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Is Weight Loss Hurting Your Relationship?

The Real Issues and How to Address Them


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  • "Leading by example" has definitely made a positive impact in my relationship with my husband. There were times that he'd be frustrated when I first began measuring out all of my food and being gone for while on the weekends for a run. But, as the months passed and he saw the positive transformation (and heard all of the compliments that I was getting), he started getting interested in SP too! I'm happy to report he is now down 50 pounds and counting! It's all possible from the knowledge and confidence that I've gained while using the SP nutrition tracker and reading numerous articles!
    If you're struggling with an non-supportive spouse - hang in there. You never know, they may end up becoming a believer and join you!!
  • I actually started a thread a while back about this very thing. Sadly, my fiance and I did eventually split up--largely due to this issue. I went from a size 4 to a size 14 dating him; he was definitely a bad influence, always bringing home junk foods and desserts when I begged him not to, and guilt-tripping me about wasting his money if I didn't eat it. He discouraged me from doing my workouts, refused to join me for walks--basically stopped me from doing all the things that made me the healthy attractive person he proposed to. It was all insecurity: now that he had me, he didn't want anyone else looking and getting ideas. Unfortunately, the vicious cycle of insecurity and sabotage took its toll on the relationship and my weight. Now I'm here at SparkPeople getting the support I need to take my life--and my figure--back! :-)
  • I love this article...for sure!!! It happens, even when you guys start out together but on the way one has a specific goal and the other doesn't....It can def get in the way..
  • This is a good article. My wife definitely appreciates the changes in my body, but I get a fair amount of negative feedback regarding my routine. I do most of my exercise at work on lunch, but she doesn't like the extra time I spend exercising outside of that... she also gets frustrated with me never being on the same dinner schedule or eating the same foods as the family.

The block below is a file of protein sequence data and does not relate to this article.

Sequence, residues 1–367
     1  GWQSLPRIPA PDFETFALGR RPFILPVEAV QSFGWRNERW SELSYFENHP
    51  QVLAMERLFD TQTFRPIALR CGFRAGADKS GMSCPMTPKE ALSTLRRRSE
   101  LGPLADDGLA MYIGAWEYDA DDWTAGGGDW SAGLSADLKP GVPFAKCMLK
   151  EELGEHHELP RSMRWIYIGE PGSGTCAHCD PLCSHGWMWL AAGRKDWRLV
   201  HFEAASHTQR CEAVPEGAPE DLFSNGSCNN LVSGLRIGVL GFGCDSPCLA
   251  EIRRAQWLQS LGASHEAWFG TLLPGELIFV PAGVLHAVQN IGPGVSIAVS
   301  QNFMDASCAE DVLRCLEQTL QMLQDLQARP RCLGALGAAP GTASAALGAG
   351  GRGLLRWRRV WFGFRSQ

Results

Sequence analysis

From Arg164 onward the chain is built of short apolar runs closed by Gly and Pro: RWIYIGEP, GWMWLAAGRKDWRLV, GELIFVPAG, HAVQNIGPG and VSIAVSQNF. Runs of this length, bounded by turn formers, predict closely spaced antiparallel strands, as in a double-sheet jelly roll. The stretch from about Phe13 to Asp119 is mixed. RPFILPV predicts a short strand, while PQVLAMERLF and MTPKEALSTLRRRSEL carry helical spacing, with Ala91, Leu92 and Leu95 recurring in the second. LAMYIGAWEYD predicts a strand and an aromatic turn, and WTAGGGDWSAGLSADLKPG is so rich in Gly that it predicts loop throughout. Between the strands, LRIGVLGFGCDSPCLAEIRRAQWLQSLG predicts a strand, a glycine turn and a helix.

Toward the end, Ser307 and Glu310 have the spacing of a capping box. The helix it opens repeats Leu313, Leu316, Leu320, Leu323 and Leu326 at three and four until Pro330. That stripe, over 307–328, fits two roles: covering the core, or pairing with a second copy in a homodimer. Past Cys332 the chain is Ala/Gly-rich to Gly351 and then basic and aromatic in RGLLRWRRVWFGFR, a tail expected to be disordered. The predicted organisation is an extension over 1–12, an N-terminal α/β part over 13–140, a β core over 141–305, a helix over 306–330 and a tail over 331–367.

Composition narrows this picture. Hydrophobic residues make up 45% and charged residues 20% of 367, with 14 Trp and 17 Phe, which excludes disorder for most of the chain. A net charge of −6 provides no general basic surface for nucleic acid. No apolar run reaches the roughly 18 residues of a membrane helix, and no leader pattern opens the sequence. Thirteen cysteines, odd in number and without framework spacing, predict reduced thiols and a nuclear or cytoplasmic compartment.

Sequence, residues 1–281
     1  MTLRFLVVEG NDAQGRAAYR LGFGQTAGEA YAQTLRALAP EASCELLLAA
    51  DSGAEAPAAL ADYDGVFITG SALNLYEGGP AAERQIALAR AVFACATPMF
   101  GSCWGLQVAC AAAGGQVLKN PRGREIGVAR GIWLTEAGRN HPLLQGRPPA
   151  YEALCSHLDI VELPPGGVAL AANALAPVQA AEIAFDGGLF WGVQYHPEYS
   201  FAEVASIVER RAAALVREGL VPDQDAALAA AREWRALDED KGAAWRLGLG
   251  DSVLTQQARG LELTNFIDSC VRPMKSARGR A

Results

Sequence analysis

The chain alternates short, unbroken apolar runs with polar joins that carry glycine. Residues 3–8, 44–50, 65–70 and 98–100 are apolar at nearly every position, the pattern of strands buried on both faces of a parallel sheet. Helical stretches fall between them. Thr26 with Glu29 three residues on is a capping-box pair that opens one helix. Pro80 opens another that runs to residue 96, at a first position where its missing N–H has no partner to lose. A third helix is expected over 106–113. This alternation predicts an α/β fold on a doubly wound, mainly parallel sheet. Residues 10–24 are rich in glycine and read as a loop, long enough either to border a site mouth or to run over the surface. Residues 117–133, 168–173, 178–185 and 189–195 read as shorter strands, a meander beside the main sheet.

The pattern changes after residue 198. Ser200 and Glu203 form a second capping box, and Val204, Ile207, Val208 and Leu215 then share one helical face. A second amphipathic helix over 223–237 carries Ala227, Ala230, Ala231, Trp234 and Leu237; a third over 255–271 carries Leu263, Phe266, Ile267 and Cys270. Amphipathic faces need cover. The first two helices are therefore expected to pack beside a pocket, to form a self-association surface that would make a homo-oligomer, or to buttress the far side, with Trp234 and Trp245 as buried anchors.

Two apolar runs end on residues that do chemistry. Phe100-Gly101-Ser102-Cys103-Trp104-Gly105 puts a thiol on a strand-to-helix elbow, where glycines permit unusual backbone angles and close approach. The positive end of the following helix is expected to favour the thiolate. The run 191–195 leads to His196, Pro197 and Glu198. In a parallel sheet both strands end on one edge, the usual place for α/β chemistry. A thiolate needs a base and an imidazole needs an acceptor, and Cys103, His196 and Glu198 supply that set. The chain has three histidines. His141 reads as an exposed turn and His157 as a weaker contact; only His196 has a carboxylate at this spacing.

I still get the overall sense that she would not have things back the way they were before I started being healthy, but it has definitely taken her out of her comfort zone on some things.
  • This actually sounds like a lot of friendships I've had. The worst situation I had was a friend wanted to workout with me and told me, many times, that she wanted to lose weight too.

    But every time I would initiate a workout, she would find some excuse to skip it. It got the point where we would have a workout scheduled and she would, out of the blue, attack me for being "a bad friend." or "picking on her".
    So we would end up spending an hour or two hashing things out and mending our friendship. Pretty quickly, I realized it was just a ploy she was using to skip the workout, so I stopped inviting her. She then got really upset with me for not inviting her.

    I finally had to call the friendship off when I realized she was a toxic person and would just drag me down.
  • I found this article fascinating, as my relationship ended recently - and one of the biggest factors was the way my ex and I both approached our health & fitness goals. He was a life-long athlete and everything for him was push-push-push to the limits, gotta win, be the best!! Me - fitness is just something I enjoy and helps in my goals. But when he could work out for 2 hours every morning and then eat pizza every night, I'd feel like I wasn't participating in the relationship if I didn't eat the pizza or get up every morning and push-push-push, too. The sabotage in my situation was almost the reverse of some of the examples you present; but the bottom line is that a True Partner will SUPPORT you - no matter where you are in the fitness realm - and not force you to live up to THEIR expectations (but let you achieve your OWN). I've actually LOST weight since the relationship ended; now I just need to get back to the habit of exercising again.